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GRIDELINE and SIR TRUSTY.
GRIDELINE. Have I then liy'd to see this hour, And took thee in the very bow'r ?
Sir Trusty. Widow Trusty, why so fine ?
GRIDELINE. Forbear these foolish freaks, and see
Sir TRUSTY. Am I bewitch'd, or do I dream ?
Then let not Grideline the chaste
Offended be for what is past,
GRIDELINE. I'll too my plighted vows renew,
Since conjugal passion
Is come into fashion,
Like a Venus I'll shine,
Be fond and be fine,
Sir TRUSTY. And Sir Trusty shall be thy Adonis. The King and QUEEN advancing.
KING. Who to forbidden joys wou'd rove, a
Both. Who to forbidden joys wou'd rove,
& Who to forbidden joys. So careful was this excellent man, " to set our passions on the side of truth,” even in his gayest and slightest compositions,
AS IT IS ACTED AT THE THEATRE ROYAL, IN DRURY LANE, BY HIS
Talsis terroribus implet
With a PREFACE by Sir RICHARD STEELE, in an EPISTLE DEDICATORY to Mr.
CONGREVE, occasioned by Mr. TICKELL'S PREFACE to the four Volumes of Mr. ADDISON'S Works.
[This piece was omitted in the original edition of Addison's works by Tickell, in which, according to Miss Aikin, he displayed “sounder discretion” than Steele did in republishing it.
Of this piece Beattie says in a letter to Mr. Cameron :—“The Drummer is in my opinion one of the best dramatic pieces in our language.”Forbes' Beattie, let. 611.
Macaulay's remarks contain probably the opinion in which most men of taste will agree:
“In the same year (1715) his comedy of the Drummer was brought on the stage. The name of the author was not announced: the piece was coldly received: and some critics have expressed a doubt whether it were really Addison's. To us the evidence, both external and internal, seems decisive. It is not in Addison's best manner; but it contains numerous passages which no other writer known to us could have produced. It was again performed after Addison's death, and being known to be his, was loudly applauded."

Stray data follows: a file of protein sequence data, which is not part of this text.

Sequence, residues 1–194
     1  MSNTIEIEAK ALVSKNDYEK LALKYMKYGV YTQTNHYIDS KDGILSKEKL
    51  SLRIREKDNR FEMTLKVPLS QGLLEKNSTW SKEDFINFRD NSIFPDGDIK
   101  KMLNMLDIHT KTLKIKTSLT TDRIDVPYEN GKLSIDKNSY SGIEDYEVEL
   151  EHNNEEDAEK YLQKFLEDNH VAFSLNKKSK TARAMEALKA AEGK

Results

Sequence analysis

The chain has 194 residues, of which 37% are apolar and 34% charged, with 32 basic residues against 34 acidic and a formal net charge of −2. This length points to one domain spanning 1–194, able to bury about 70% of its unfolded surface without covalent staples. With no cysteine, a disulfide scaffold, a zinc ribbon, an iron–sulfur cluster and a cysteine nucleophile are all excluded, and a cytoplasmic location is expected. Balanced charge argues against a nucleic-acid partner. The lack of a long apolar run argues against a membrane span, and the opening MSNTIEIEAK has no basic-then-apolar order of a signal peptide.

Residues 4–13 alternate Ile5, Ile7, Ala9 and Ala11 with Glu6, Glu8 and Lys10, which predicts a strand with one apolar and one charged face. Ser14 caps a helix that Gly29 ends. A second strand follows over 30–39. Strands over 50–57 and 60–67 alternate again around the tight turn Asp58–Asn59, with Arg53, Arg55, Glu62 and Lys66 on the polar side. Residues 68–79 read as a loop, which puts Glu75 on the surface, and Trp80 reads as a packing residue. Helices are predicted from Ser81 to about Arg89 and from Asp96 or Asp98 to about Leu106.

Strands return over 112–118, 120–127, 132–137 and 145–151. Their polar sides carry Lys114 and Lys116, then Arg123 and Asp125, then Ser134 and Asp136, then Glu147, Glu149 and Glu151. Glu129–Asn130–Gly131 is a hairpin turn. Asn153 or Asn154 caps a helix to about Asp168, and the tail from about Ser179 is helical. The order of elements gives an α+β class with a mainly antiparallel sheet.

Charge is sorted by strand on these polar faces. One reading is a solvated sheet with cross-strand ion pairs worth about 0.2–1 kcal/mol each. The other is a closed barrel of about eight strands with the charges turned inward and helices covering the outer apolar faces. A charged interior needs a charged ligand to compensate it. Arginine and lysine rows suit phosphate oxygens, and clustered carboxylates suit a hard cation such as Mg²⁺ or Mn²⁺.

All the positive knowledge that we shall probably ever have about the authorship of the Drummer is contained in Steele's “Epistle Dedicatory” to Congreve.-G.]
TO MR. CONGREVE,
OCCASIONED BY MR. TICKELL'S PREFACE TO THE FOUR
VOLUMES OF MR. ADDISON'S WORKS.
Sir,--This is the second time that I have, without your leave, taken the liberty to make a public address to you.
However uneasy you may be, for your own sake, in receiving compliments of this nature, I depend upon your known humanity for pardon, when I acknowledge, that you have this present trouble for mine. When I take myself to be ill-treated with regard to my behaviour to the merit of other men, my conduct towards you is an argument of my candour that way, as well as that your name and authority will be my protection in it. You will give me leave, therefore, in a matter that concerns us in the poetical world, to make you my judge, whether I am not injured in the highest manner; for with men of your taste and delicacy, it is a high crime and misdemeanour to be guilty of any thing that is disingenuous : but I will go into the matter.
Upon my return out of Scotland, I visited Mr. Tonson's shop, and thanked him for his care in sending to my house the volumes of my dear and honoured friend, Mr. ADDISON, which are at last published by his secretary, Mr. Tickell; but took occasion to observe, that I had not seen the work before it came out, which he did ot think fit to excuse any otherwise than by a recrimina